Learn How New Overtime Pay Requirements
Affect Your Company
Each of our clients should be aware that the United States Department of Labor (“DOL”) recently released a final rule that makes dramatic changes to the determination of which executive, administrative and professional employees (“white-collar employees”) are entitled to overtime pay under the Fair Labor Standards Act (FSLA). The new rule goes into effect as of Dec. 1, 2016. The DOL estimates that more than 4 million salaried workers in the country will become eligible for overtime when they work more than 40 hours in a week.
Current Requirements for White-Collar Exemption
In order to qualify for white-collar exemption from the overtime requirements under current federal law, an employee must generally satisfy three different tests:
- The Salary Basis Test. The employee is salaried, meaning he or she is paid a predetermined and fixed salary that is not subject to reduction because of variations in the quality or quantity of the work performed.
- The Salary Level Test. The employee is paid at least $455 per week, or $23,660 annually.
- The Duties Test. The employee primarily performs executive, administrative or professional duties.
Neither job title nor salary alone can justify an exemption from the overtime rules. That is, the employee’s specific job duties and earnings must both meet applicable requirements.
New Rules Going into Effect Dec. 1, 2016
The revisions in the final rule mainly relate to the Salary Level Test. The rule increases the salary threshold for salary-exempt employees from $455 per week to $913 per week, or $47,476 per year. The final rule allows up to 10% of the salary threshold to be met by non-discretionary bonuses, incentive pay and commissions, as long as those payments are paid on at least a quarterly basis.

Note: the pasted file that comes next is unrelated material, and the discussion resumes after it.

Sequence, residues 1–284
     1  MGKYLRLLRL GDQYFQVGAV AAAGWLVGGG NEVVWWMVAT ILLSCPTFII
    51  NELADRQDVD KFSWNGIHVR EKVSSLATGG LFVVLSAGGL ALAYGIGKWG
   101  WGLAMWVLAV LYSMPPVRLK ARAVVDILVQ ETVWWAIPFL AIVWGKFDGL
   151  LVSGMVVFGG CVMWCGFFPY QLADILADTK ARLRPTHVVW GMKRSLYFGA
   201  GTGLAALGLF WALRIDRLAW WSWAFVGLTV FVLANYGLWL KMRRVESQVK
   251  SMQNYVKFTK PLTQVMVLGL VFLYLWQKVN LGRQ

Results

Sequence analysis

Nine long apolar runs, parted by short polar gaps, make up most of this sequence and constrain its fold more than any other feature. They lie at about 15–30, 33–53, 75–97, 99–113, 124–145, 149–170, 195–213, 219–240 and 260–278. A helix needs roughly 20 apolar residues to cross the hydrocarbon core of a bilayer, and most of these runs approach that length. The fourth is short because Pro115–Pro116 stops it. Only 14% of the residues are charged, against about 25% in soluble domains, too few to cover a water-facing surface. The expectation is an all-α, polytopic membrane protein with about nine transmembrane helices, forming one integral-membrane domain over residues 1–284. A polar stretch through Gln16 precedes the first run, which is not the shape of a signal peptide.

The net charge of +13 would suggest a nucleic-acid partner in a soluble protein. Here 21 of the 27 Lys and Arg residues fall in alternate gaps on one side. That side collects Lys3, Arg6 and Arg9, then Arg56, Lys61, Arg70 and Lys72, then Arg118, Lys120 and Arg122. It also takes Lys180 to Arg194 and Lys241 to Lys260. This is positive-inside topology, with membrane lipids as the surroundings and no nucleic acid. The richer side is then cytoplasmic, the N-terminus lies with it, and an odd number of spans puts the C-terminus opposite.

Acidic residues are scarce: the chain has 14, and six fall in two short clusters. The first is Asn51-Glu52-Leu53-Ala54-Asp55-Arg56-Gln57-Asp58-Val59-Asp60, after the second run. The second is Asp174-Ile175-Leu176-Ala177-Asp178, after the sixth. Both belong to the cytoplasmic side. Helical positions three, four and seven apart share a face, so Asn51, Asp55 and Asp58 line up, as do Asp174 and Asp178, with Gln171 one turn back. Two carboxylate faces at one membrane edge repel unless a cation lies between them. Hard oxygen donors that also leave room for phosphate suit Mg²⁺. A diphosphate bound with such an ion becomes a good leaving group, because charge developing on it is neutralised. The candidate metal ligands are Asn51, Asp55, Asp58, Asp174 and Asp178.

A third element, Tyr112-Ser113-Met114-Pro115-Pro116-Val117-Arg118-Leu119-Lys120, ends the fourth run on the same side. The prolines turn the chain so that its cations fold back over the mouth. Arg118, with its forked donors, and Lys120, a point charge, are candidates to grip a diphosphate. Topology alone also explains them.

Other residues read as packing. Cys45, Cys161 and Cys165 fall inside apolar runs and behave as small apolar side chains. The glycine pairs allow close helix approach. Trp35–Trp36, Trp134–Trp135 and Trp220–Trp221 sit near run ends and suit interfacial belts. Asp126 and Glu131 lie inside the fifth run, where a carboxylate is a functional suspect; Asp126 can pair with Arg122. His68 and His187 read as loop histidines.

It should be noted that the required weekly salary will automatically be updated every three years by the DOL, beginning Jan. 1, 2020.
The final rule makes no changes to the duties test. Under the new rule, businesses will have several choices to make:
- A company may decide to do nothing if your white-collar workers fall short of the new salary level, but do not ever work more than 40 hours per work week.
- A company may want to raise the salary of certain employees who meet the Duties Test but work more than 40 hours per week so that they will exceed the new threshold. This could be a good option if employees are near the new threshold and occasionally work overtime.
- A company may decide to pay overtime for hours worked over 40 per week for some of your employees. This could be a good option for companies where working more than 40 hours for this group of employees is rare.
We will be glad to discuss the new rule with you and help you determine the best way to comply. For more information, please call Mark Reis at 513-241-0400.